HPV-related throat cancer cases increase sharply over the past 10 years

Forty-two-year-old Manahawkin, New Jersey resident David Caldarella can recite a long list of dates off the top of his head. The first one starts with the day he found a lump on the right side of his neck while shaving. It was March 23, 2010. Caldarella immediately called his physician.

Caldarella's local otolaryngologist, or ENT, found a growth on his right tonsil. He removed the tonsil and did a biopsy of the growth. Then the news that changed Caldarella's life forever came on April 20, 2010 - he had cancer.

Just two days later, Caldarella met with David Cognetti, M.D., an otolaryngologist and head and neck specialist at Thomas Jefferson University Hospital. After an exam and additional testing, Dr. Cognetti had to deliver even more bad news - the cancer was stage IV squamous cell carcinoma. It was an aggressive throat cancer caused by the sexually transmitted human papillomavirus (HPV). The experience was startling for Caldarella.

Dr. Cognetti, who has had to give similar news to some of his other patients, says unfortunately Caldarella is part of a dramatic increase in the number of patients that he's seen with HPV-related throat cancer. "It's become an epidemic over the past 10 years where HPV-related throat cancer cases have grown rapidly," says Dr. Cognetti. "Traditionally, smoking and drinking have been the main causes of head and neck cancer. But now we're seeing non-smoking, non-drinking patients, and many of them."

The statistics echo what Dr. Cognetti has found. A recent study published in the journal Emerging Infectious Diseases found that cases of oropharyngeal cancer, primarily cancer of the tonsils, increased sevenfold from 1970 to 2007. Researchers found that while HPV caused only 54 percent of oropharyngeal cancers from 1998 - 1999, it caused 84 percent of these cancers in 2006 - 2007.

However, Dr. Cognetti says two things were on Caldarella's side. First, throat cancers are deadly, but survival rates are much better for people with HPV-related throat cancer. It's more treatable and curable. And while people who smoke and drink alcohol have worse outcomes, luckily for Caldarella, he did neither.

Dr. Cognetti first performed a neck dissection, which removed 72 lymph nodes on Caldarella's right side. An egg-sized tumor was also removed during the procedure, as well as the left tonsil.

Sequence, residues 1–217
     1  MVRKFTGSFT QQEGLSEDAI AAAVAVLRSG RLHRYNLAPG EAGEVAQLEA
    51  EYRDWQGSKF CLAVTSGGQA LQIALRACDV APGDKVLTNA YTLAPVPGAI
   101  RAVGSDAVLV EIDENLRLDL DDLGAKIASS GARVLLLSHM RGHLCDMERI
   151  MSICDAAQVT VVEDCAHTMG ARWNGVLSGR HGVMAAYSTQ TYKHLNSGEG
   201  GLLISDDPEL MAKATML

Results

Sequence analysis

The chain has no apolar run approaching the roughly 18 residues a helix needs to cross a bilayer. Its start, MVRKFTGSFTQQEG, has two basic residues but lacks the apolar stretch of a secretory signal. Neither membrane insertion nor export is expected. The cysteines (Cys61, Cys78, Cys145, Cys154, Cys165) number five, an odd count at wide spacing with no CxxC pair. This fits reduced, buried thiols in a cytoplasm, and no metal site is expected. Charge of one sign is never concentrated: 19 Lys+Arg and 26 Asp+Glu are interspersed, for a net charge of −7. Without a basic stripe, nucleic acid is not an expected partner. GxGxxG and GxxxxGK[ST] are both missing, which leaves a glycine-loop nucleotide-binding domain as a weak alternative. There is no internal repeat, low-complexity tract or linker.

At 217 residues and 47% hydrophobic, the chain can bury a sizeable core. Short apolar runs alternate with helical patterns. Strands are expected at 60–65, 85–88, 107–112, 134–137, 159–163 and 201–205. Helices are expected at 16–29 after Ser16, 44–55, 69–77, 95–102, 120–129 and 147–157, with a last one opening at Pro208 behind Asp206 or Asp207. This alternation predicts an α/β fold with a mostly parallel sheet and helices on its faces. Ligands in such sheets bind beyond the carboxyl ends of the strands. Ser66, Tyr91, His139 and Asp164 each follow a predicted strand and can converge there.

A week later, Dr. Cognetti performed transoral robotic surgery to remove the remaining cancer cells on the back of Caldarella's tongue and walls of his throat. "Transoral robotic surgery is a new and innovative approach to treating head and neck cancer patients. The technology gives surgeons a higher level of visualization inside the back of the throat, and it gives patients a quicker recovery time, less pain and scarring, and less chance for blood loss."

Caldarella then started seven weeks of radiation and chemotherapy treatments combined. The side effects of radiation and chemotherapy can be severe, says Dr. Cognetti.

"With treatment, patients can have significant difficulty swallowing," says Dr. Cognetti. "Radiation can burn the mouth and throat, sometimes causing blisters. Patients can also suffer from extreme fatigue."

"The treatment caused me to have mouth sores and infections, making it virtually impossible to swallow anything, including water," says Caldarella. "What's more, during treatments I had to be hospitalized for health issues including kidney stones, bronchitis, dehydration and the insertion of a feeding tube."

For Caldarella, the burns, fatigue, and swallowing problem went away with weeks of therapy. But like many patients, Caldarella continues to have dryness of the mouth and throat. That is a common problem, according to Dr. Cognetti. "Radiation kills the tumor, but it also kills the salivary glands."

Caldarella slowly began to feel better in late fall 2010. He gained 15 pounds of the 65 pounds that he lost. And on November 11, he was told he was cancer-free. "I was so thankful. Now I'm beginning to get my life back."

Caldarella says he has a message for others. "HPV-related throat cancer has no signs or symptoms in most cases. When you see or think something may be wrong, act fast. After finding the lump, I saw a doctor right away. Acting fast and having good health helped me."

Dr. Cognetti says the most common symptoms of throat cancer include throat pain, difficulty swallowing, ear pain, bleeding in the mouth or throat, hoarseness, and a lump in the neck. He also says that decades can elapse between HPV infection and the appearance of cancer.

As for prevention, Dr. Cognetti says there are two vaccines currently approved for prevention of HPV-related cervical cancer. "It is not yet known whether the vaccines will protect against throat cancer, but the same HPV strains that cause cervical and vulvar cancer cause throat cancer."

Caldarella, who is single, credits his parents and loved ones for giving him strength. Calling them "David's Army," he says their support was the basis for him to create something positive to help other cancer patients. He is paying it forward with a foundation called "Dream and Believe Cancer Foundation." It started with a pizza party, which raised $15,000. Checks have already been distributed to individual patients as well as to Jefferson's Head and Neck Cancer program.


Thomas Jefferson University Hospital


The opinions expressed here are the views of the writer and do not necessarily reflect the views and opinions of News Medical.
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